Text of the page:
You can do more advanced searches using the GREP button. With this feature, you can place a “.*” at any point in the constant name (beginning and end included) and Cyc will treat this as a wild card. For instance, suppose you are searching for the constant that represents Bill Clinton. You are not sure if the constant name is WilliamClinton, BillClinton, or perhaps even BillClinton-President. You can enter “.*ill.*clinton.*” in the type-in box, click the GREP button, and Cyc will return:
BillClinton BillClintonSpeakingIMt HillaryClinton
1.1.3.c. Lexical Assertions
One final way to search for constants is by entering a logical way to refer to that constant in English and hitting “enter” on your keyboard or the “Show” button. Every Cyc constant has at least one lexical assertion. Lexical assertions are what relate Cyc constants to the word or string we would use to refer to that concept in English. For example, if I simply type “electric guitar” into the type-in box, Cyc will bring me to the concept #$Guitar-Electric via this assertion:
Mt: EnglishMt (multiWordString ("electric") Guitar-TheWord SimpleNoun Guitar-Electric)
For more information on search strategies, please see the section on “Searching For Constants”.
1.1.4. The System Information Frame
Each machine runs it’s own copy of Cyc called a “Cyc image”. The assertions you make on your machine get processed and sent to a local transcript. You can access this transcript as well as other information about your image through the “System Information Frame”.
Here is what your System Information Frame looks like:
Update Comm: Storing Only Agenda: Sleep KB: 541 System: 1.1579
Selecting the “Update” link will refresh your “System Information Frame”, and, if your agenda is running (noted by the “Agenda Status” section of the “System Information Frame” as “Agenda: Run” instead of “Agenda: Sleep”), show you how many operations have passed through your agenda.
1.1.4.b. Communication Status Area
The “Comm” link brings you to the “Communication Status Area” which displays your transmitting and recieving options. The default transmitting option is “Store For Later”. This is the recommended choice. If you choose this option, the assertions you make will go to your local transcript and will not be sent to everyone else until you decide to transmit them. If you choose “Do Not Record”, the assertions you make will not be recorded, and therefore, can never be sent to others. The “Send Immediately To Everybody” option should be used with extreme caution (if ever). This will cause every assertion you make to be automatically sent to everyone’s image. If you accidentally make a bad assertion while this option is selected, everyone else will have to deal with the problem you’ve created.
The “Receiving” options are very simple. If you choose “Yes”, you will recieve operations that others are sending out. If you choose “No”, you will not. The most common reason that people choose not to receive operations is because if large numbers of operations (or a particularly expensive one, such as a rather general forward rule) are being sent, your image may be slowed down while it processes these assertions. Otherwise, it is a good idea to be in receiving mode so that you have the most up to date information on your image.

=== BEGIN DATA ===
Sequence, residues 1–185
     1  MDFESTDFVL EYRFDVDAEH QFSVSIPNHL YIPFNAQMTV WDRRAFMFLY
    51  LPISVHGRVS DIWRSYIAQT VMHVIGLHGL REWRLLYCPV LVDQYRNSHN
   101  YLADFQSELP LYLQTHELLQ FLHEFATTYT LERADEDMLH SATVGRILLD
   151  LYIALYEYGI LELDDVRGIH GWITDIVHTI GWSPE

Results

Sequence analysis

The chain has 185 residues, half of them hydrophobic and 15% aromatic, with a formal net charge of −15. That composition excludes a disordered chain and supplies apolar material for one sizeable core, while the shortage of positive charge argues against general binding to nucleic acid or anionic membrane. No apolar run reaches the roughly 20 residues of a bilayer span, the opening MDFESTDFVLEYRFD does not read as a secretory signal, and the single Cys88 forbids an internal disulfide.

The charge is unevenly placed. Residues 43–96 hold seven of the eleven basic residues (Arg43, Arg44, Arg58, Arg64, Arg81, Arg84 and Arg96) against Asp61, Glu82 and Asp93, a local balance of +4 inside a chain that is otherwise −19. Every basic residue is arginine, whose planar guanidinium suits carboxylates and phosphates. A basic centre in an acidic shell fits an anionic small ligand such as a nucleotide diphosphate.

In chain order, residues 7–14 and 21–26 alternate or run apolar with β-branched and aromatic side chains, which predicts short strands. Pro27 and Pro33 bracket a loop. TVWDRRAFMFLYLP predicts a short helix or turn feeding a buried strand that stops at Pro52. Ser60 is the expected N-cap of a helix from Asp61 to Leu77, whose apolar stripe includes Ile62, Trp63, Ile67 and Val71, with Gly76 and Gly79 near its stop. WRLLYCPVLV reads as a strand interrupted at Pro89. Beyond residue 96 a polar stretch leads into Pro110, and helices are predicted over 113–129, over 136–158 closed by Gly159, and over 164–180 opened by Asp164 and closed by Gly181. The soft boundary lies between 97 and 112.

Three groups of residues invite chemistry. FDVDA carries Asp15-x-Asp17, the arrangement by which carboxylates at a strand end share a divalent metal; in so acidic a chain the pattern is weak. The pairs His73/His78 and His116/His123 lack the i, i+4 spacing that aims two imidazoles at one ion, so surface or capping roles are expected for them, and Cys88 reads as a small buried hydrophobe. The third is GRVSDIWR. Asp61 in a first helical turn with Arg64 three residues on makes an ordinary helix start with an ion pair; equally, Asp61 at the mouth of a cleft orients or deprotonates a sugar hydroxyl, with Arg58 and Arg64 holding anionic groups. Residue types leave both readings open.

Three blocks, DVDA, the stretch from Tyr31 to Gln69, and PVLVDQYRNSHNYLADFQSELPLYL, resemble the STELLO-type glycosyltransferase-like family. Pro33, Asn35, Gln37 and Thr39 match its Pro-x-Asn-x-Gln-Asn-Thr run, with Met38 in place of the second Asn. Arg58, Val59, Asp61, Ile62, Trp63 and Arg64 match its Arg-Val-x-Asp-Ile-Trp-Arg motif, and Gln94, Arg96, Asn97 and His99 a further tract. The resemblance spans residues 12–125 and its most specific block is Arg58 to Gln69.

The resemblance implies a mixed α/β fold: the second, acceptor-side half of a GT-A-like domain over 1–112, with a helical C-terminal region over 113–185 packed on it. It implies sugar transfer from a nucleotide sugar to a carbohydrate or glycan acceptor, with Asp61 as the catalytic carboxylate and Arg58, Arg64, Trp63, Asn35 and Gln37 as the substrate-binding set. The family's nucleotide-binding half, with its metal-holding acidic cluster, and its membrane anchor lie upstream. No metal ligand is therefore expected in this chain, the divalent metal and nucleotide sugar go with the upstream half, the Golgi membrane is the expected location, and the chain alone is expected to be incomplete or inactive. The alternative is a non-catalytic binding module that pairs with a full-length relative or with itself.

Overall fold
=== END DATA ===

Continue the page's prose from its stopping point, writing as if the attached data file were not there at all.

You can also filter out certain operations if you know there is a large number of operations coming in that you do not immediately need. Click the “Edit Remote Operation Filters” link to do so.
The agenda is the local queue of operations. If you click on this link, you can see what operation Cyc is currently processing. If an operation seems to be taking a very long time to be processed, you can choose to abort the operation. If an operation comes through (asserted by you or someone else) that conflicts with existing information in Cyc, your agenda will halt. If the default option is selected on the “Agenda” page, this will be displayed as “Agenda: None” in the “System Information Frame”. If you click on this link and choose “Start Agenda”, the bad operation will be ignored and your agenda will start running again.
1.1.4.d. KB Number
Every few days, a “new KB”, or “new world” is released. A “KB” is a “new” copy of Cyc that contains all the most recent assertions, as well as all previous assertions. The reason we do this is to prevent the loss of all of Cyc due to a technical malfuction. If we lose the current KB because of some catastrophic technical problem, we will only have lost the most recently entered knowledge–no more than a few days of work. The previous KB containing the past fifteen or so years of work will still be intact.
This is the area where you can “watch” assertions others have made being processed in your local image. Cyc pulls 200 remote operations at a time. The number on the left is the number of operations waiting in the local queue to be processed. The number in the middle (in red) is the number of operations currently being worked on. The number on the right is the number of assertions that have now been processed.
“Local” only appears on the “System Information Frame” if there are currently operations in your local transcript. In addition to the “Remote” display, Cyc will also display the queue of operations for the local image under “Local”. The “Local” indicator performs in much the same way as the “Remote” indicator does, although it indicates the total number of operates yet to be processed in the local queue, rather than just those left of the most recent batch of 200.
The “System” link contains a lot of information about your Cyc image. The top portion tells you how long your image has been running, the name of your image, which KB you’re in, what patch level you are at, etc. Just below that is a link to your local transcript. If you click on this link, you can see all the operations you have recorded on your image but have not yet transmitted. The “Queue Information” tells you how many operations you have to process before your image is caught up with the master transcript. Finally, the “Historical Information” displays the number of operations you have recorded and the number of operations you have transmitted to the master transcript.